The three Storegga slides are considered to be amongst the largest known landslides. They occurred in the Norwegian Sea, at the edge of Norway’s continental shelf, 100 km north-west of the Møre coast. The landslides caused a very large tsunami in the North Atlantic Ocean. Based on carbon dating of plant material recovered from sediment deposits, the latest incident occurred around 6100 BC. (8111 years ago). In Scotland, traces of the tsunami have been recorded, with sediment being discovered in Montrose Basin, the Firth of Forth, up to 80 km inland and 4 meters above current normal tide levels.
The Storegga slides have been investigated as part of the activities to prepare the Ormen Lange natural gas field, which is located on the Norwegian continental shelf. It has been determined that the triggering mechanism of the slides was likely a large earthquake, together with gases released from the decomposition of gas hydrates. One conclusion, made public in 2004, has hypothesized that the slide was caused by material built up during the previous ice age, and that a recurrence would only be possible after another ice age. A new slide in the area would trigger a very large tsunami that would be devastating for the coast around the North Sea and the Norwegian Sea.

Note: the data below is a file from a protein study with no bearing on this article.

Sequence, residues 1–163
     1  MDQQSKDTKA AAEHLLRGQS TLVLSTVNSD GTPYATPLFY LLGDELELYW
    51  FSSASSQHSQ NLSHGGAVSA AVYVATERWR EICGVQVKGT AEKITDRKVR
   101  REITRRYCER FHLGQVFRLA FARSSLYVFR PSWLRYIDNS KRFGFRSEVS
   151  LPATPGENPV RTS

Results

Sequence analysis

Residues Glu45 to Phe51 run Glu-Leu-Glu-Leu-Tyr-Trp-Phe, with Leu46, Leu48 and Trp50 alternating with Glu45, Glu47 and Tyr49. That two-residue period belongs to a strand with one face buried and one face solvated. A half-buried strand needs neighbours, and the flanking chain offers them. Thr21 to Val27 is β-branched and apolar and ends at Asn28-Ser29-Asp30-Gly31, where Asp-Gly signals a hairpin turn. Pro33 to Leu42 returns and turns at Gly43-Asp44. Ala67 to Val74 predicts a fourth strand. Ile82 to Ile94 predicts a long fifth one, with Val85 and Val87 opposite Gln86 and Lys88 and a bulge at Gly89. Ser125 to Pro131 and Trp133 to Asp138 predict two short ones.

Around the time of the last Storegga slide, geologists have identified that a land bridge existed in the area named Doggerland. Doggerland linked Great Britain with Denmark and the Netherlands across what is now the southern North Sea. Geological surveys have suggested that Doggerland was a large area of dry land that stretched from Britain’s east coast across to the present coast of the Netherlands and the western coasts of Germany and Denmark. The potential for historic dry land in the area was first discussed in the early 20th century, but intensified in 1931 when a commercial trawler began to recover the remains of land mammals, including mammoths and lions. Ancient tools and weapons were also uncovered.
Doggerland is believed to have been a land mass that included lagoons, marshes, mudflats, and beaches. It was a rich hunting ground populated by Mesolithic human cultures. The area was physically submerged through a gradual rise in sea level. It has been hypothesized that coastal areas of both Britain and mainland Europe were inundated by the tsunami triggered by the Storegga slide. The event would have had a catastrophic impact on the contemporary Mesolithic population, and separated cultures in Britain from those on the European mainland. One area of Doggerland said to have been destroyed in the Storegga slide is the island of Viking Bergen, located between modern Shetland and Norway, at the boundary of the North Sea and Norwegian Sea.